In November 2017, the PFI Standards Program was updated to include the testing of the same metals that are referenced in the international pellet specifications published under ISO 17225-2, and referenced in wood pellet quality certification schemes.
In November 2017, the PFI Standards Program was updated to include the testing of metals. The minimum requirements are to conduct a metals test at least annually, using a recently published ISO test method (ISO 16968), and to test for eight specific metals: arsenic, cadmium, chromium, copper, lead, mercury, nickel and zinc. These are the same metals that are referenced in the international pellet specifications published under ISO 17225-2, and referenced in wood pellet quality certification schemes ENplus, CANplus and DINplus. The new metals testing provisions are being implemented in 2018, and have resulted in many questions, including: Why test for these specific metals? What are the baseline levels for these metals in wood? What type of instances could lead to a failure of the metals testing, and why are we adopting ISO test methods? In this column, I will try to answer these questions.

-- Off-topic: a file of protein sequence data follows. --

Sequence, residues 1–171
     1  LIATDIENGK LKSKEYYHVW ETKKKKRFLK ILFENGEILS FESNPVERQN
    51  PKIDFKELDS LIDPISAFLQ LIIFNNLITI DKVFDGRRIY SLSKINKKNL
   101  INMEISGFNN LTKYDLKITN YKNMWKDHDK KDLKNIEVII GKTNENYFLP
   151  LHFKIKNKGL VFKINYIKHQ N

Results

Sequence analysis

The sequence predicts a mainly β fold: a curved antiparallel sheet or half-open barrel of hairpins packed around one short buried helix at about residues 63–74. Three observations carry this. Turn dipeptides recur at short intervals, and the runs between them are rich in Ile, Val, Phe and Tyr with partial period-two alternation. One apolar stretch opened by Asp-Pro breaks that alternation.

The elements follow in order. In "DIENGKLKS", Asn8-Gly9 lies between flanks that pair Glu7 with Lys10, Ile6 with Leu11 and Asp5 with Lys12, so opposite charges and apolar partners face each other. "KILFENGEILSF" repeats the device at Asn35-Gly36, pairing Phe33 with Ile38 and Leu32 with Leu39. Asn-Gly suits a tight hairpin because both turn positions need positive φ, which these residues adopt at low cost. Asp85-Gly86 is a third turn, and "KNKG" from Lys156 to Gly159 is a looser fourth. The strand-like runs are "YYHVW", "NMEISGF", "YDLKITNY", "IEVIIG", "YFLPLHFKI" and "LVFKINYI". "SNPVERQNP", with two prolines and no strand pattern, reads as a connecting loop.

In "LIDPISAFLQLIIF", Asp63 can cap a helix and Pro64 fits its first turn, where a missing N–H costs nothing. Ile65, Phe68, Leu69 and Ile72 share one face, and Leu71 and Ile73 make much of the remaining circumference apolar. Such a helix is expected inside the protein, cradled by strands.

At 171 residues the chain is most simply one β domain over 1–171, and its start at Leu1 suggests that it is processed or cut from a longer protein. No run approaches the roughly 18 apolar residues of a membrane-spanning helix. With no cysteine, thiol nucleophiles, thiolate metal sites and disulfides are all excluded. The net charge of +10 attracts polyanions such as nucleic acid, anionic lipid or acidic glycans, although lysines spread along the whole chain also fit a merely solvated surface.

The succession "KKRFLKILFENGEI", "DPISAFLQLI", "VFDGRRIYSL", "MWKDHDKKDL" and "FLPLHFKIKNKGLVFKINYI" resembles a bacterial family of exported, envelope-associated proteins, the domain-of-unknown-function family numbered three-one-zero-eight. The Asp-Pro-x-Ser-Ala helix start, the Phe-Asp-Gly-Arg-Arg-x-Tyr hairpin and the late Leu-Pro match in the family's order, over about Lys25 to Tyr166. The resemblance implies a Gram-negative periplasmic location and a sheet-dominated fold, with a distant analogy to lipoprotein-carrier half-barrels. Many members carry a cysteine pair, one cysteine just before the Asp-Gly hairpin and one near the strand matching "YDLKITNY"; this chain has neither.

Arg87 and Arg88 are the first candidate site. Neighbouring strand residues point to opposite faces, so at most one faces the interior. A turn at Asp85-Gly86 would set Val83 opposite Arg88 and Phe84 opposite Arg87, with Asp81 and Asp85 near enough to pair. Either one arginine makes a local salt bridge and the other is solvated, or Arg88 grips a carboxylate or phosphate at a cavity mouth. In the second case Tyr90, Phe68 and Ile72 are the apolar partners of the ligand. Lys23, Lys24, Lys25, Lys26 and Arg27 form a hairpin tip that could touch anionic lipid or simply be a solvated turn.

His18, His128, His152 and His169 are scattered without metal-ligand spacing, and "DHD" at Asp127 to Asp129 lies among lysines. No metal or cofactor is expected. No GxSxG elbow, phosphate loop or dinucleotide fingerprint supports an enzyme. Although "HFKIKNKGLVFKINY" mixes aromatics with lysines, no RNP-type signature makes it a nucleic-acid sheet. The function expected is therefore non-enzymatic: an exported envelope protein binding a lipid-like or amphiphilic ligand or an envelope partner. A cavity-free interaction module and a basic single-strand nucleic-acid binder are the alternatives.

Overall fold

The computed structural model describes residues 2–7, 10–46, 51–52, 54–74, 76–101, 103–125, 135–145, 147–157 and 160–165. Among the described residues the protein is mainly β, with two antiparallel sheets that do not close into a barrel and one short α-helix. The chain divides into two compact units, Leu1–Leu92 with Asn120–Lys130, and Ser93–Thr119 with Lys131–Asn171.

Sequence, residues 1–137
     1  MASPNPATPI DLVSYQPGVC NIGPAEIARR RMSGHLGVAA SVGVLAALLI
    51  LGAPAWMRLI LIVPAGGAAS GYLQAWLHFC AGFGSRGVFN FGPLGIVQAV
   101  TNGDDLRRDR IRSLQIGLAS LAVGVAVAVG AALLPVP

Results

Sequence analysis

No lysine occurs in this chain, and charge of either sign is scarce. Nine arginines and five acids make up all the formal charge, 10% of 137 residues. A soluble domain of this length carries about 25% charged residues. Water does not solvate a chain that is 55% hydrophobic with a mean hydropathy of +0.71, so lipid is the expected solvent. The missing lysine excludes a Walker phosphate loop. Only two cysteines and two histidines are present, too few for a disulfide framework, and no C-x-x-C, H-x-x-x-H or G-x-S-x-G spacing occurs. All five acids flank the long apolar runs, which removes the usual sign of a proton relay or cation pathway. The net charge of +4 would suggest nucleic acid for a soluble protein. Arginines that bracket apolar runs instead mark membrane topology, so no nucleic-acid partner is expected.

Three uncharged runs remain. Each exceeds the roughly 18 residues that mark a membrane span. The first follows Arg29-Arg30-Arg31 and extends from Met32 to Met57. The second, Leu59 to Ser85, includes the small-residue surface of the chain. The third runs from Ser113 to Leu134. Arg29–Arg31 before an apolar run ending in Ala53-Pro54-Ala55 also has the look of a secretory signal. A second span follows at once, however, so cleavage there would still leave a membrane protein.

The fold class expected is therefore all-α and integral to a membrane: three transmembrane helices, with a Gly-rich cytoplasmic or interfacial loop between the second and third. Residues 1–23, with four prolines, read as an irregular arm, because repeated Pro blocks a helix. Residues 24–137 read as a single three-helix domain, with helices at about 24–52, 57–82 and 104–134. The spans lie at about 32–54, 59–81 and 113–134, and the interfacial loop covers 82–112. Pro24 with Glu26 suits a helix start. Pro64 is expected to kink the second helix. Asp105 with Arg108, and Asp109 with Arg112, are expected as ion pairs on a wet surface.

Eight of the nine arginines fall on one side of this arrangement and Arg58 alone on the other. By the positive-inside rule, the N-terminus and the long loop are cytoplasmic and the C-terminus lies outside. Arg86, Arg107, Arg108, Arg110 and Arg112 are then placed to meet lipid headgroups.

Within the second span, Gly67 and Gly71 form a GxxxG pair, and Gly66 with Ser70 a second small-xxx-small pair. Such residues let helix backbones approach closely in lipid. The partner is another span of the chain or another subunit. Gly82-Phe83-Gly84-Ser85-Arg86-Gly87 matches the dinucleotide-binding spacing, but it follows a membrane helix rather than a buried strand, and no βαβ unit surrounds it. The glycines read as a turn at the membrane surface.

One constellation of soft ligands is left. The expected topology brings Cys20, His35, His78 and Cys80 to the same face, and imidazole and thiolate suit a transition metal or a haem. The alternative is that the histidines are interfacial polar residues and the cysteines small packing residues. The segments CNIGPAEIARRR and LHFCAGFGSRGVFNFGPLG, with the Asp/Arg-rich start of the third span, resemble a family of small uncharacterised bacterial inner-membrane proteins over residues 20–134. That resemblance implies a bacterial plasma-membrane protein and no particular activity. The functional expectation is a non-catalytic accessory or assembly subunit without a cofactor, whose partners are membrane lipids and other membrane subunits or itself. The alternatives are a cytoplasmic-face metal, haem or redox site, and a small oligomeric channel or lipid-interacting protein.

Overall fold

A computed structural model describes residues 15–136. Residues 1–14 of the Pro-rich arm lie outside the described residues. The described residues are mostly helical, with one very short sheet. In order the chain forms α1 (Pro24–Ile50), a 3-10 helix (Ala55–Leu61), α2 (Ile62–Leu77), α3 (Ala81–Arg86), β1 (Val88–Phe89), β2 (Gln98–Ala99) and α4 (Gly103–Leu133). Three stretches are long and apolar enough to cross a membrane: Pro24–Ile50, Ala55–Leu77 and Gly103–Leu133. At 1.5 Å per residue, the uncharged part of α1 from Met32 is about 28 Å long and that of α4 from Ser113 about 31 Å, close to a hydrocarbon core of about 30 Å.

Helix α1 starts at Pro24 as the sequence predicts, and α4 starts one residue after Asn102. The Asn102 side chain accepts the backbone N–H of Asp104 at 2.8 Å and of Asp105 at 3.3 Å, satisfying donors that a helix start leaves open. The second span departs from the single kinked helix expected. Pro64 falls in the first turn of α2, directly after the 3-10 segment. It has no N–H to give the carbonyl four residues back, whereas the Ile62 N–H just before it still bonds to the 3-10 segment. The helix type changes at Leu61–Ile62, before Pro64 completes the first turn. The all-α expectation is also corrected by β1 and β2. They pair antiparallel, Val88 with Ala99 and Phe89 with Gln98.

The original list of metals and the test method itself was developed by a European initiative to develop standards for solid biofuels, in the early 2000s. The European Committee for Standardization (CEN) created Technical Committee 335 to spearhead this work, and as part of the initiative, two research projects were funded (BioNorm I and BioNorm II), to answer technical questions about biomass and the appropriateness of various testing methodologies available at that time. The result was information that allowed technical experts to develop specifications and test methods specific to solid biofuels. These were originally published as European National (EN) standards between 2000 and 2008, but subsequently moved to ISO to allow for their development into ISO standards, and to facilitate global adoption. It was this research that led to the adoption of the current testing method, and the focus on the eight metals listed above.